One reason that directing an increased amount of light in the visible region of the spectrum through the lens member of a lighting unit leads to increased temperature in the lens can be explained by considering the full spectrum of radiation emitted by the lamp filament. Using traditional metallic reflectors, any attempt to direct greater amounts of visible light (wavelengths of approximately 400 to 700 nanometers) through the lens will inevitably also direct a larger percentage of radiation in the infrared wavelengths (greater than approximately 700 nanometers) through the lens. When this radiation contacts the inner surface of the lens of the lighting unit, a large percentage (shown generally by the lines 6 in
This is best understood by considering that the light source of the lamp filament acts as a black body emitter, whose spectral radiation output varies as a function of source temperature. The temperature of the filament source for incandescent (vacuum and gas filled) lamps typically range between approximately 2,400 and approximately 3,000 degrees Kelvin. Considering, for example, the idealized black-body radiation curve for a lamp filament at 3,000 degrees Kelvin (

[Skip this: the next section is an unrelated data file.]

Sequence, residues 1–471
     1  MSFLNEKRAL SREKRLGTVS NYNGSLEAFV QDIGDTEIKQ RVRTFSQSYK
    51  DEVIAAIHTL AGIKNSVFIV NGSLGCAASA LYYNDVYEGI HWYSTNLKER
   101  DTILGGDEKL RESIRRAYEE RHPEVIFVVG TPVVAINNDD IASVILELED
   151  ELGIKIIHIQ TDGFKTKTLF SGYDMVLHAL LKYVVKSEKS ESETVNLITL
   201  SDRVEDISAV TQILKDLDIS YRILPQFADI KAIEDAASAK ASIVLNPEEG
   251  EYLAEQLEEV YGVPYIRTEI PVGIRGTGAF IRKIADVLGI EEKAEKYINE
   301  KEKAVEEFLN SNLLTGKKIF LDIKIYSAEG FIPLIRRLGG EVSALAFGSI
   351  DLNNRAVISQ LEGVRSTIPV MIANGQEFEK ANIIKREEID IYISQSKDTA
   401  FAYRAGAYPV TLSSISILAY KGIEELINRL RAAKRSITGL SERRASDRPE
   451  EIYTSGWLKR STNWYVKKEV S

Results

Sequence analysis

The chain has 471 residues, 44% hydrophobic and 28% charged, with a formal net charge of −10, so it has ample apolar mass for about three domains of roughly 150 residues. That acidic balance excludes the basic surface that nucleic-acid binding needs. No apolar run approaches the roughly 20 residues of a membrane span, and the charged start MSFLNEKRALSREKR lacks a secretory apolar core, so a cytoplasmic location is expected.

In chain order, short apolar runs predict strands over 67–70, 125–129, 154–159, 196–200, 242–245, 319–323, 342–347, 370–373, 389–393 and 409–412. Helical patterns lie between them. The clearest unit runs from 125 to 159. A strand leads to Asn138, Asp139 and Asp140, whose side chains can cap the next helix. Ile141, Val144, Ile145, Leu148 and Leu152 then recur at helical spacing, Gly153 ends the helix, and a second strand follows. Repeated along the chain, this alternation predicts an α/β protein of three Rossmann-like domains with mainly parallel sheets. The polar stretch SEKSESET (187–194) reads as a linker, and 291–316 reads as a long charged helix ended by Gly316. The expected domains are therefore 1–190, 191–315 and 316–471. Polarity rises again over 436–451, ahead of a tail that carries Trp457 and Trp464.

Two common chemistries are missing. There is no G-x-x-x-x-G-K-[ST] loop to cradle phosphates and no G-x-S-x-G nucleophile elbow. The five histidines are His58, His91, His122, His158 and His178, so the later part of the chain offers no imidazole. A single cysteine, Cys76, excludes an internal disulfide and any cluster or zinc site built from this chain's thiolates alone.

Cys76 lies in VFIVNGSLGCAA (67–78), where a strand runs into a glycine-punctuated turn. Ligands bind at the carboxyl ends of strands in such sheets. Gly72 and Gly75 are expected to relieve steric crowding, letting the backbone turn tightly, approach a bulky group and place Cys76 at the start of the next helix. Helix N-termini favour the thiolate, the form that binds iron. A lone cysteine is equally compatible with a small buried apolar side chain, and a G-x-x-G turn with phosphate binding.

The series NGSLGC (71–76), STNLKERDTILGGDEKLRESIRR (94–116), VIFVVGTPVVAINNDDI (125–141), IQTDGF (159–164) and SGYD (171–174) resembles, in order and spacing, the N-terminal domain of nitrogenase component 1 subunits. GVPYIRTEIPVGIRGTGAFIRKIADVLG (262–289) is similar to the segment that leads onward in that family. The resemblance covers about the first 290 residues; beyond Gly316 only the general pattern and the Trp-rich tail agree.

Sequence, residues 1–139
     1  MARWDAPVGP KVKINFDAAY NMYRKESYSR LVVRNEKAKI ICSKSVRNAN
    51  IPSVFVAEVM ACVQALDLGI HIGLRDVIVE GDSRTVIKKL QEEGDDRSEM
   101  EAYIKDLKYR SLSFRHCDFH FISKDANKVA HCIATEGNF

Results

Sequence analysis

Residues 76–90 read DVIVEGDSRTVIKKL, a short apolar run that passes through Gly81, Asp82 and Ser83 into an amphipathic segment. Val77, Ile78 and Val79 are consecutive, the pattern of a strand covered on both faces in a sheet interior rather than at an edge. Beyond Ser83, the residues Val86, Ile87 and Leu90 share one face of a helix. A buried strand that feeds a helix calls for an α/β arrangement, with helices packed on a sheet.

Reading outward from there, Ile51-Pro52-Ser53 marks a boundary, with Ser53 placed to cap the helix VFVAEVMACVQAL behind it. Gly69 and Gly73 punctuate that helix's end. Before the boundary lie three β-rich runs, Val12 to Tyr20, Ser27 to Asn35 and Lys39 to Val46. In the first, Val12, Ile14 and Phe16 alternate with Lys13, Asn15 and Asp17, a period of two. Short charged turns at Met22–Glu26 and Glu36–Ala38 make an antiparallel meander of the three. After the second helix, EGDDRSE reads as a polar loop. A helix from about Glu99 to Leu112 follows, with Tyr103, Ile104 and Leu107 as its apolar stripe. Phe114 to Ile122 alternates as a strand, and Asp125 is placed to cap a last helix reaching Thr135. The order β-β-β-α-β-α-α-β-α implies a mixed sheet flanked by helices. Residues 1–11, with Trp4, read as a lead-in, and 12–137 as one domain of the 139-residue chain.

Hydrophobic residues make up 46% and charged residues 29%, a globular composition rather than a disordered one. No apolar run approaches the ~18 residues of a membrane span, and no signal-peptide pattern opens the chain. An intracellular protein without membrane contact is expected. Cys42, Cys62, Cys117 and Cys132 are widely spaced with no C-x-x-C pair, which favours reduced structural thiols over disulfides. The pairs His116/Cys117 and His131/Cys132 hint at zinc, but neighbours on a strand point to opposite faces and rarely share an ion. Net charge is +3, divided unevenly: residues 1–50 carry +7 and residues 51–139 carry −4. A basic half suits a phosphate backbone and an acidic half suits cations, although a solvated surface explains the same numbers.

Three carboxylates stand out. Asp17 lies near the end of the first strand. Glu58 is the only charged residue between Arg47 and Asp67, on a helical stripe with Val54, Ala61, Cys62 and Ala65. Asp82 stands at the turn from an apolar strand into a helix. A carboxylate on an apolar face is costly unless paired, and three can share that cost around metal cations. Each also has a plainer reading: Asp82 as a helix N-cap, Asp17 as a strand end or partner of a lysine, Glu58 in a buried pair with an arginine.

The present invention is intended to provide a lighting assembly for use with a vehicle lighting system, such as for an interior rearview mirror assembly or accessory module of a vehicle (which may be mounted to an interior rearview mirror assembly or may be mounted elsewhere within the cabin of a vehicle), or the like. The lighting assembly of the present invention provides for a lower operating temperature at the lens element of the lighting assembly by reducing the amount of infrared radiation that is reflected toward and/or transmitted through the lens element.
According to an aspect of the present invention, an automotive lighting assembly of a vehicle includes an illumination source, a reflective element and a lens. The illumination source is operable to radiate radiation including visible radiation and infrared radiation. The radiation from the illumination source impinges on the reflective element. The reflective element reflects reflected radiation toward the lens. The reflective element is adapted to at least partially transmit the infrared radiation so that reduced reflection of the infrared radiation occurs toward the lens.
Optionally, the lens may include an optical element which functions to substantially transmit the visible radiation through the optical element and the lens while at least partially reflecting the infrared radiation generally toward the reflective element.